developers are optional in the sense that such a front-end library is.
Indeed, many of the tools exist either to create the library
(Stubble), or (among other things) to support it (e.g. X++ and garbage
collection).  Any developer that wants to deal directly with the
socket-level febe interface needs none of our tools (beyond the
backend :-)).  As the febe protocol contains less than a hundred
messages and less than a hundred data types altogether, this is not a
facetious suggestion.  Nothing in the backend assumes or depends on
front-ends going through our library (this is taken as a design

However, my honest advice to any potential developer is to make full
use of our tools because they're good!  What we haven't yet examined
is what subsets of our tools are sensible, so that's it's not all or
nothing.  I think this would be a good idea.  I've already been
talking over with BobP how simple the user's view of Stubble can be

   requires them to code
   in an obtuse and hard to debug manner, 

With the exception of taking apart && and || expressions, I don't see
that anything we're talking about makes things hard to debug.  Overall
in the project, there has been much high quality attention made to
making things easier to debug.  On the other hand, we still haven't
found a good symbolic debugger for C++ itself.  This may be what you
are referring to, and it is of grave importance.

   and does not provide easy
   integration with existing code implemented with industry-standard compilers,

Not true.  Well, it depends on your definition of "easy", but I think
we're doing pretty well on this score.  Via the 'extern "C"'
declaration, there is easy intercallability in both directions between
C and C++.  Also, C++ is mostly upwards compatable from ANSI C (Though
not as close for K&R v1).  This means that those who want to write
actual C code, those wishing to code in the C subset of C++ and those
that have a large body of existing C code are all well served.  In
addition, we have taken care in both the garbage collector and in X++
to be intercallable and integratable with foreign (including
pre-existing) C++ code.  Including the ability to, in one piece of
code, deal both with our garbage collectable structures with our
strong-pointers, and deal with other structures manually.  Roger was
faced with exactly this problem in dealing with existing window
systems, and we constrained our design appropriately.  (It turned out
not to involve any design choices.  It did take some thinking to
realize this though.)

   perhaps we should take a couple of steps back from the abyss and think about
   what we are doing.  In such a situation, should

	   *  Scrapping the garbage collection architecture,

Admittedly we should consider this.  Let's first see if we can alter
it so that it avoids the problem.  Also note that it is possible to
consider this wrt our developer package and still use it in the
backend.  Having the computational assumptions between backend and
frontend differ so much would itself be costly (in terms of
reusability of tools).  I do consider scrapping the garbage collector
as mandatory for the front-end library plausible.  It would mean that
the library code we provide will have to be leak free (Heh pointed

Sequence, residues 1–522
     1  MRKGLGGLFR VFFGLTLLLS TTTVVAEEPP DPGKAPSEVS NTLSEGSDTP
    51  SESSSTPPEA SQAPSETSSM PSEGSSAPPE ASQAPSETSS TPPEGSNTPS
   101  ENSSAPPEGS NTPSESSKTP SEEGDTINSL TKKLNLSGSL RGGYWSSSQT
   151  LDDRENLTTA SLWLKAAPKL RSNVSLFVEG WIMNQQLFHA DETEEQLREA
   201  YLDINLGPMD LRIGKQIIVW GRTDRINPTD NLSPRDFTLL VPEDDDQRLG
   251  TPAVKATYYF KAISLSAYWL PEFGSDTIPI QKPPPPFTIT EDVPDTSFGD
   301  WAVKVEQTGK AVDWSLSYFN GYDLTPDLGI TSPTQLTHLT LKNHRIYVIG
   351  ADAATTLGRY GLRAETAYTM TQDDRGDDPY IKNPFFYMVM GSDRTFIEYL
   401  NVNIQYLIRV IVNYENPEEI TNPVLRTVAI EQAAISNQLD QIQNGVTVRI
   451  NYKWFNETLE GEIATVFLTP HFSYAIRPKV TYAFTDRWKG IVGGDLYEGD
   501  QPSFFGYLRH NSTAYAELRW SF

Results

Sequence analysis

this out).  Our library code could still be GC compatable.

	   *  Using C as the reference front-end implementation
	      language, with C++ as an option,

Regardless of any of the above problems, I think it is quite important
to support C as a development language.  This would be a lot of work
and it would be good to postpone it to a later stage of development.
But of course we can only postpone it if we find another way of
addressing the above concerns.  If we are even going to consider
backing off this far for the initial development support, I would
advocate C++ or X++ without garbage collection being considered first.
We've invested a lot of effort that would have to be thrown away if we
backed off to C (granted this sounds like the "sunk-cost theory of
value", but...) 

   and/or  *  Redefining the level of interface between the front-end
	      support code and the application to be more at arm's length
	      and hence language-independent (as is ADS, for example)

I think that we should also define such a level, and support those who
wish to work there.  A place to start would be to clean up the textual
syntax of the messages transmitted through the Stubble code, and
document that.  We all strongly suspect that we won't be releasing
product with the textual syntax being the major protocol.  To do so,
we've kept knowledge of the communication syntax restricted (to class
RPCTransceiver), and architected our communication support so that it
is easy and local to have an efficient binary syntax as well.  I've
always though of the textual syntax as just a temporary debugging
measure to be removed before we ship, but there's little reason not to
have the backend support both.  Doing so would certainly make
developers who want to avoid our choice of language and/or tools
happier (witness the textual NeWS protocol).

Also, taking the message protocol of Transceiver (the abstract
superclass) and reproducing its functionality as a set of C callable
routines is a direct minimalist approach.  From what I understand
about ADS, it would be analogous.  (My understanding of ADS may be

   be off the agenda?

Indeed.  The exercise of responding to your messages has already made
me realize there are more degrees of freedom here than I thought.
Thank you.

   [from marcS again:]
   How clearly have we thought through the implications of what we are
   doing for (or to) our third parties?

Not clearly enough.

   Bobp, this is of course of most concern to you. Has there been an intense
   discussion yet of what a C-based frontend to all this stuff would look
   like? If not, I would propose that you grab hugh and markm and discuss
   it (I propose a 3-person meeting, since 3-person meetings seem so much
   more effective). 

Heh: I'm meeting with BobP starting at Noon on Wednesday (orginally
for other purposes).  Heh & BobP: Should we redirect the meeting to
these ends?  Heh: Would you be free then?

   In general, are Walker and I confused? 


   Are people really talking about
   taking an approach which rejects CFRONT implementations of C++ for
   the foreseeable future?

It was talked about.  I brought it up out of desperation.  I think we
have general agreement that it probably doesn't make sense.
Nevertheless, we should talk to Tieman.  Nat and AT&T are the priority

I've also got a meeting with Roland tomorrow on the increadibly wierd
idea of a C++ to C++ converter that is mostly just a copy program, but
does such things as turned "for"s into "while"s.  We'll let everyone
know how plausible it all looks.  If it works, it would be a
completely portable C++ implementation that implements more of the
specs than AT&T's.  Wierd.

Ravi, how *did* you eventually reach Nat?